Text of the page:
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|A Nairalander's Interview With The Nation Newspaper On Aerial Photography by wildchild02: 8:52am On Mar 17, 2018|
The Nation Nigeria
‘Exploitation killing aerial photography’
3 days ago
Bayo Akanbi (Brimmie) is a visual artist redefining the digital switch of transactions at one of the booming online real estate companies, ToLet.com. In this interview, he tells TEMITAYO AYETOTO about his passion for street and aerial photography and the hurdles against his dreams.
WHAT is photography in real estate?
In real estate, a lot of people want to sell their properties faster and the best way to present the value of your property is to get a professional picture. The way we take real estate picture is different from the way people take landscape, portraits or street photography. The technique is very different. So, there are certain things you need to capture when shooting for real estate and there are things not needed. If I want to shoot a property, for instance, there are four things I need to shoot: the exterior, the interior, the living room, the master bedroom and the kitchen and maybe, the toilet. Those are the areas people want to see when they want to buy property. Unlike random photography, a novice could shoot different angles of the same object when all you need is a perfect shot. We edit and do finishing touches, but not extreme enough to make it unrealistic.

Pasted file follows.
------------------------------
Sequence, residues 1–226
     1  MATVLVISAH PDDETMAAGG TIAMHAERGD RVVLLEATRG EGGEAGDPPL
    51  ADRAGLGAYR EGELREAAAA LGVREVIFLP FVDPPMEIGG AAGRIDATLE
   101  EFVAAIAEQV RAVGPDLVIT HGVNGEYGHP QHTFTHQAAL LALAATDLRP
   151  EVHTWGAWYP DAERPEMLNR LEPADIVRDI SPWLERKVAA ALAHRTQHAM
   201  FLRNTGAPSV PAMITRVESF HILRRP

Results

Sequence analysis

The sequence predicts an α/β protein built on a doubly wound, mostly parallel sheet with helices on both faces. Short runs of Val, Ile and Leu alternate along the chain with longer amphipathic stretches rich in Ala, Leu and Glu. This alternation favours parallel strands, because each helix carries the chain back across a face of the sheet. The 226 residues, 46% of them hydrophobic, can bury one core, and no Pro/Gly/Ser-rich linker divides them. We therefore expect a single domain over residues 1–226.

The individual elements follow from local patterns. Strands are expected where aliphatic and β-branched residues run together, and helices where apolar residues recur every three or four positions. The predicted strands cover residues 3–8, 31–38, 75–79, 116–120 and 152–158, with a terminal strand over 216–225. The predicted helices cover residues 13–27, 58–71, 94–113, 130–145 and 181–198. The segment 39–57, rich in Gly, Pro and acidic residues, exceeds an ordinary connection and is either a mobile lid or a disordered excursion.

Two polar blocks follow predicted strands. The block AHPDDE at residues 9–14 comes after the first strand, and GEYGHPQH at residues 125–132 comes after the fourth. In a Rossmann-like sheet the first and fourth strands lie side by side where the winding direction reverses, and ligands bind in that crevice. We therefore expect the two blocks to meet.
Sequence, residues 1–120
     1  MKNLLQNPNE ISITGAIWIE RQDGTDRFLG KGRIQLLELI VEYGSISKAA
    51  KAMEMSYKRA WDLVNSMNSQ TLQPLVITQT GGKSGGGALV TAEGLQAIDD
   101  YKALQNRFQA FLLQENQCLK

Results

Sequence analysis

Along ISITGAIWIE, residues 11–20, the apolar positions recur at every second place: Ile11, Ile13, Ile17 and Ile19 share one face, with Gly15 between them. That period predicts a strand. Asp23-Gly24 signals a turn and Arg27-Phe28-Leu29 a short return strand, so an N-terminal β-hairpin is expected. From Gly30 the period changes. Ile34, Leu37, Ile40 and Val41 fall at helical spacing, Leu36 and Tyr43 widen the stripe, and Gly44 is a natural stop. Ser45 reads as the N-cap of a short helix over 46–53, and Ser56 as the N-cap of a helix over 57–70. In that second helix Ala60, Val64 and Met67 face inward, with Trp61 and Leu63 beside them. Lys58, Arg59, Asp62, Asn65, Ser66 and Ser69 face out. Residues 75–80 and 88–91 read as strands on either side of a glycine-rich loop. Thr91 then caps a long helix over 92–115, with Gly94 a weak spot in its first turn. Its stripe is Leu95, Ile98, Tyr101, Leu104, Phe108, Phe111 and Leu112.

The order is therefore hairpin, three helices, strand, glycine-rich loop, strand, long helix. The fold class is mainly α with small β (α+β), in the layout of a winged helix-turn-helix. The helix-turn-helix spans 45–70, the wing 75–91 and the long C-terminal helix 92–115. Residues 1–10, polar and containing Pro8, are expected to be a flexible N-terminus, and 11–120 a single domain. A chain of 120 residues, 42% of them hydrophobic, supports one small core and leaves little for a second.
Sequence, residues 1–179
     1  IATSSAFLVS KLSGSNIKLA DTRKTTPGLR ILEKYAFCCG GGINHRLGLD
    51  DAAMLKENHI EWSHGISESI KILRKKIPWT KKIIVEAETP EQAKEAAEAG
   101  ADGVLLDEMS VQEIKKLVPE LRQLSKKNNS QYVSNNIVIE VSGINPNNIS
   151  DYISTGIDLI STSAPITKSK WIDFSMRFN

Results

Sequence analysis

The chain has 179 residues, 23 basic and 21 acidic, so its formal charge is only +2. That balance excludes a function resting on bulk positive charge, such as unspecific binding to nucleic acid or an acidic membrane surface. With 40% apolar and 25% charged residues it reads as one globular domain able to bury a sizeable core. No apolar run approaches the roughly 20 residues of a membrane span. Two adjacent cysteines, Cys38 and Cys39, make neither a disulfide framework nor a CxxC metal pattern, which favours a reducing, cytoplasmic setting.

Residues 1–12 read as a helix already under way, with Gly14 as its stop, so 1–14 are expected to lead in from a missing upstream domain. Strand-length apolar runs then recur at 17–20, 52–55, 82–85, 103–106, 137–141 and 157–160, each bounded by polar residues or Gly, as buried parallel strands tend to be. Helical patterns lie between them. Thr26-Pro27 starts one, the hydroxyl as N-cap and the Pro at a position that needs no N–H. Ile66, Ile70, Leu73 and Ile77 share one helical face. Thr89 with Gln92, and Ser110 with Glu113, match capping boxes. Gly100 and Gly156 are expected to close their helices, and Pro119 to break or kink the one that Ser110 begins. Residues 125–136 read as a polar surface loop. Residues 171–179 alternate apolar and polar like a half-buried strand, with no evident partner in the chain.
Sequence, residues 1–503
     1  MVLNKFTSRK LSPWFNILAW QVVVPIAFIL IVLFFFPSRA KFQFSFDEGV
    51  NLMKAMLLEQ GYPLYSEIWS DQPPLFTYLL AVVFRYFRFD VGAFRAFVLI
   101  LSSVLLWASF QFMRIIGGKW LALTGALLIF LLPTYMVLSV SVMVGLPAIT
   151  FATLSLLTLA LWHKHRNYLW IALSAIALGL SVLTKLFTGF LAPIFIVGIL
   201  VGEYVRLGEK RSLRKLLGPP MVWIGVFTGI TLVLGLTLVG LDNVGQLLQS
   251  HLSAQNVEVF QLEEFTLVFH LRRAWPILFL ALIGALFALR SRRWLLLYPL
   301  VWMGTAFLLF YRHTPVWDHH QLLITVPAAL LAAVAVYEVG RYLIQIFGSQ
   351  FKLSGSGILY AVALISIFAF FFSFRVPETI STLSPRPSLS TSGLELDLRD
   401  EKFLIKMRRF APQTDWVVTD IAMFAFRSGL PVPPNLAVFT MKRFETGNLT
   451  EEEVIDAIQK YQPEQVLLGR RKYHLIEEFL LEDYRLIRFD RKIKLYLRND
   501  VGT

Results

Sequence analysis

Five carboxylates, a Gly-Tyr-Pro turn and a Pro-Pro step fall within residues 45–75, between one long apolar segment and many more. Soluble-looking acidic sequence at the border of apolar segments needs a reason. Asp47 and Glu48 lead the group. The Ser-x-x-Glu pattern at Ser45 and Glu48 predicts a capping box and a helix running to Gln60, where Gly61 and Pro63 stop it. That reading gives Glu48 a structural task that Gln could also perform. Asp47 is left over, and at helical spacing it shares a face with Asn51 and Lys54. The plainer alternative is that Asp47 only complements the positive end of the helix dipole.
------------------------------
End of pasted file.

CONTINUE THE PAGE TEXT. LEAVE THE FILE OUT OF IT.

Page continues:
Would you say professional photography has given real estate a mileage?
Real estate in Nigeria is one of the fast-growing sectors as a lot of people are investing in it, especially in Lagos. Most of the people that are really interested in the industry are such that do not have the luxury to go around and check out properties. They usually rely on pictures and when the picture is very good, it helps the property sell faster than when such photography don’t exist.
How is the drone technology impacting the sector?
There is a law in Nigeria that before you can fly a drone, you have to have rights. You have to obtain a form before you can get the permission. And the fee is about N300,000 and a yearly renewal of N100,000. That fee alone is ridiculous. You can get a professional drone for about N200,000. So, why should I buy the permission for its use for about N400,000. This kind of law will prevent people from going into aerial photography.
So, how do you fly your drone?
I don’t have a right. The only thing I do is to ensure I don’t fly in certain areas where aircraft or helipads fly around.
Thus the law is effective?